I love going back to cities I visited as a child to see what I remember and to properly explore them again - Tallinn was one of these cities for me! I first visited over 10 years ago and so it was high time to return. Tallinn is one of those cities that looks like a real-life fairytale as it has one of the best preserved medieval towns in all of Europe, which is also a UNESCO World Heritage Site.Two days in Tallinn is a perfect introduction to the city and to Estonia. You can also combine this two day Tallinn itinerary with other cities in the Baltic or other places in Estonia, as well as a trip to Helsinki!

When I first started packing for the Dominican Republic, I figured it would be a pretty basic 'bring dresses and swimsuits' type event. However, I started remembering more and more things I would need and once I got there, I realised how many things I had forgotten and definitely needed!Here is my guide on what to pack for the Dominican Republic - whatever season it is! While this guide is predominantly aimed at female travellers (although guys, if you want to wear a summery dress then feel free, no judgement here), it can still be used as a Dominican Republic packing list for men if you substitute or leave out some of the items (I'm guessing you probably don't need a bikini or a bra).Happy packing!

I want to discuss something that I was prompted to think more deeply into thanks to something that happened on Instagram. I posted a story about how two fellow travellers and content creators (Eva Zu Beck and Against the Compass) had inspired me to add some 'random' and 'off the beaten path' destinations to my bucket list. The ones I mentioned were specifically due to content I had seen recently that had inspired me - Iraqi Kurdistan, Pakistan, Iran, Oman, Uzbekistan, Azerbaijan, Jordan, Kyrgyzstan and Armenia.This was then picked up by an account who shared my stories with their followers. They also told me they were 'concerned with [my] language' and that I was 'reinforcing marginalisation and notions of cultural superiority'. After their sharing of my stories, I started to get a LOT of messages. Many of these were rather abusive and hateful (including one person calling me a 'racist pig' and saying my 'language is disgusting').However, it did also encourage some civil discussion with some people, who were polite enough to explain why they thought my use of the phrases 'random' and 'off the beaten path' was damaging. I can understand why people found my phrasing offensive when I called their countries 'random' - to be honest, I would find it a tiny bit insulting if someone said my country/city was a 'random' place to go (although I live in a very small town in Hampshire which has no reason for people to visit... so maybe calling it a random place to visit wouldn't be particularly incorrect).Since much of the 'discussion' was a lot of people shouting their opinions and not taking the time to actually listen to WHY people hold the opinions they do, I wanted to research it more in depth and try to understand the reasoning behind all of this and whether calling places 'off the beaten path' is actually harmful, as well as to how it impacts both locals and tourists alike.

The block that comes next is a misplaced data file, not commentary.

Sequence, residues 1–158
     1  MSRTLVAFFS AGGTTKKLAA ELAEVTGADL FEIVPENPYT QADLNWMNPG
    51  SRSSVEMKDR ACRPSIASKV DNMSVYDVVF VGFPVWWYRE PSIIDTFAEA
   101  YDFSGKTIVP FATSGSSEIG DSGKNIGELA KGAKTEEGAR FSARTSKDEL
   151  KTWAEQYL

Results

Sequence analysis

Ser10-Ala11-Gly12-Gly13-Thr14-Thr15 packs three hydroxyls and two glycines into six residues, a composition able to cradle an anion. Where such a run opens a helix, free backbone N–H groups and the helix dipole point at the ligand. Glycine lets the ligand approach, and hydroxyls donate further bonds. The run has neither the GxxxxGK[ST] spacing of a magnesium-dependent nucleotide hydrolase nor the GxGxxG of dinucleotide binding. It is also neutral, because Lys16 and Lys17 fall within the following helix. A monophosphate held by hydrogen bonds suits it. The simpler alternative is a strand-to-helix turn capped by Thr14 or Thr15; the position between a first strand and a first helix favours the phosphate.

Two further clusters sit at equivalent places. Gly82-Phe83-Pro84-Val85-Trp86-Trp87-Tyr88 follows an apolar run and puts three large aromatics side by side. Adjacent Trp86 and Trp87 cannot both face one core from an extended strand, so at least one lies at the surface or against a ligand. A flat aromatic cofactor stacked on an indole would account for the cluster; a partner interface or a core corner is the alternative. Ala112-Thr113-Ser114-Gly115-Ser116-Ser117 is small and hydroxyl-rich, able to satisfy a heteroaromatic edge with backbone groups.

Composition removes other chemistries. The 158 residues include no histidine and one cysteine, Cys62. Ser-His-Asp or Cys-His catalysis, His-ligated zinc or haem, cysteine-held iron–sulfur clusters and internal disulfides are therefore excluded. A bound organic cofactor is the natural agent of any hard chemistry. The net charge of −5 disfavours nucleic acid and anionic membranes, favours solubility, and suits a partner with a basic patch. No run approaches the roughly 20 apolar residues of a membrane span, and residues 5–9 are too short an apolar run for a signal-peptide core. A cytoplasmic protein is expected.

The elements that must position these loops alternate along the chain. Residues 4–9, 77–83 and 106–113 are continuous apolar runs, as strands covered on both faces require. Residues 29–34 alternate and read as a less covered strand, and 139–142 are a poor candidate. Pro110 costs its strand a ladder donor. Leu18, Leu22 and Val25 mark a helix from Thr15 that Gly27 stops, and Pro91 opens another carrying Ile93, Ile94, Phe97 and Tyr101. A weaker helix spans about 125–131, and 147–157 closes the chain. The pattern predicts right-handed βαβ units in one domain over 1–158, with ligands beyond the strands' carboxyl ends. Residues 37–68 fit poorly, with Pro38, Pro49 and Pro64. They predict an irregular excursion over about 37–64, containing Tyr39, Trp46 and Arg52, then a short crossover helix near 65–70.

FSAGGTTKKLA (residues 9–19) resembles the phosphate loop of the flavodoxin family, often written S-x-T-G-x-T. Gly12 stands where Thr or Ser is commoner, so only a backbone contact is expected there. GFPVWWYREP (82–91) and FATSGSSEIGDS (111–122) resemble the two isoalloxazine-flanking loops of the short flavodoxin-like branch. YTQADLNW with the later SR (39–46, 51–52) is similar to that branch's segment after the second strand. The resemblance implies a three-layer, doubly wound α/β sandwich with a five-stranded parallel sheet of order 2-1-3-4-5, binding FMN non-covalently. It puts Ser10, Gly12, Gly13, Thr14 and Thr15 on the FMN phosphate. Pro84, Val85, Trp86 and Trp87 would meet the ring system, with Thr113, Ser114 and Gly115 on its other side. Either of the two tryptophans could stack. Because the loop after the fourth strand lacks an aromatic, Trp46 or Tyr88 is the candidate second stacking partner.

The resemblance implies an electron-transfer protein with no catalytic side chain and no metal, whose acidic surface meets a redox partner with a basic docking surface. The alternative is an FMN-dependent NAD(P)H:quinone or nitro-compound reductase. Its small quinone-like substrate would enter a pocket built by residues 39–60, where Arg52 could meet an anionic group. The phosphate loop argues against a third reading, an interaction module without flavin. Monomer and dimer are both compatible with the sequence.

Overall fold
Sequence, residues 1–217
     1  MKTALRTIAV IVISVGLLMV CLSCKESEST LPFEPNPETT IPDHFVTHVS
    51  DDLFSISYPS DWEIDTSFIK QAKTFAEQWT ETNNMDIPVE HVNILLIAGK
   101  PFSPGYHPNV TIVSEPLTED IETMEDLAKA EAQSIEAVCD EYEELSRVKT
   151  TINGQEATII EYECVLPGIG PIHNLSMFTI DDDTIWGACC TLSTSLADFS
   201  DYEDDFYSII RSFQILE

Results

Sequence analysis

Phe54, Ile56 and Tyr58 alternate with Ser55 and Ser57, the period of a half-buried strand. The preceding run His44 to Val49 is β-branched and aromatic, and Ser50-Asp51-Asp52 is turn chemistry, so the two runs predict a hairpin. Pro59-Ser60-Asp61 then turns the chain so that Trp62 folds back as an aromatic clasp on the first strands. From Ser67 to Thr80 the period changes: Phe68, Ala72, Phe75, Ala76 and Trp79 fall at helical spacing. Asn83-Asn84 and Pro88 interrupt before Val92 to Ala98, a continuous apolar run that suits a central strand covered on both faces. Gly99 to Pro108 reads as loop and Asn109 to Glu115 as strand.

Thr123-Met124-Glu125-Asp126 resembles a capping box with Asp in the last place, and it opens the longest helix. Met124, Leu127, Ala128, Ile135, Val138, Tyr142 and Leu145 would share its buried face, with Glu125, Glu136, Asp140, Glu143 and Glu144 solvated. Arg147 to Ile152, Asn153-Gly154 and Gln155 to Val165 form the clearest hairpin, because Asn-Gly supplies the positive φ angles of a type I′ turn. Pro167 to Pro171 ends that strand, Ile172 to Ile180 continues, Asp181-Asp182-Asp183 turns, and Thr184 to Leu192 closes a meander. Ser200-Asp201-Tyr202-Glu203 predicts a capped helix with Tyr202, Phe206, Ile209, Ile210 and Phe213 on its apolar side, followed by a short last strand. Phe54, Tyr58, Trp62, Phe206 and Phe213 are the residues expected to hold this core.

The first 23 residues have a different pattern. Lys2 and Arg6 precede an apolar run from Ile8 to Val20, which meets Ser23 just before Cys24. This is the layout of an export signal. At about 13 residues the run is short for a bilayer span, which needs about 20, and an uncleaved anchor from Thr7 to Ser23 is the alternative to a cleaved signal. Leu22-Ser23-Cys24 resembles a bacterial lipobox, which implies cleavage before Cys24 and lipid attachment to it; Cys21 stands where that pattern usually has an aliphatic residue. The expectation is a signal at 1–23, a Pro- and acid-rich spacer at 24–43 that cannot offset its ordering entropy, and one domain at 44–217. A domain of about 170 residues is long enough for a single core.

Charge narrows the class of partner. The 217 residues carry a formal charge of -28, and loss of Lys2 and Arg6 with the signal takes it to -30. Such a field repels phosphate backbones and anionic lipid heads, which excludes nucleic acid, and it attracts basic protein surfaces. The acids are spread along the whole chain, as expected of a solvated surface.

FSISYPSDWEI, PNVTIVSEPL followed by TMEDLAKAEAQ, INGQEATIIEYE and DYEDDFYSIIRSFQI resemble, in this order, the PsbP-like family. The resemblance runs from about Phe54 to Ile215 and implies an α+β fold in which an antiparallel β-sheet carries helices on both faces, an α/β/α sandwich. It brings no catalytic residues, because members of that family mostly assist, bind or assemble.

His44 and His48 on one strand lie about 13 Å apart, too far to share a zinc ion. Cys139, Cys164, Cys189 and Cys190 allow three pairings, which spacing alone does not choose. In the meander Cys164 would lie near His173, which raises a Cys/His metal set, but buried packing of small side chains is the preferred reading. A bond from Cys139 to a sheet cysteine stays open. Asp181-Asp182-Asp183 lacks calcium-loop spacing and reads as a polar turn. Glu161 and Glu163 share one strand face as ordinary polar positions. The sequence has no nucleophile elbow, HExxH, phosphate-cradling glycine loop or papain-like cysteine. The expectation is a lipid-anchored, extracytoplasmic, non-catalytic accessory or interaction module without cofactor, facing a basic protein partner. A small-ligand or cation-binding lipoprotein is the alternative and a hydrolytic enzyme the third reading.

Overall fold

Whether you're simply considering a trip to the Dominican Republic or you have a trip planned for Spring Break or for a family getaway, these travel tips for the Dominican Republic will ensure you're well prepared for whatever trip you are planning!My trip to the Dominican Republic was my first visit to a Caribbean island and I didn't entirely know what to expect. Since I've lived in Honduras I had a good idea about certain things (e.g. PACK BUG REPELLENT!) but I definitely learned a lot in the country. So thanks to both my successes and my mistakes, here are my Dominican Republic travel tips for you!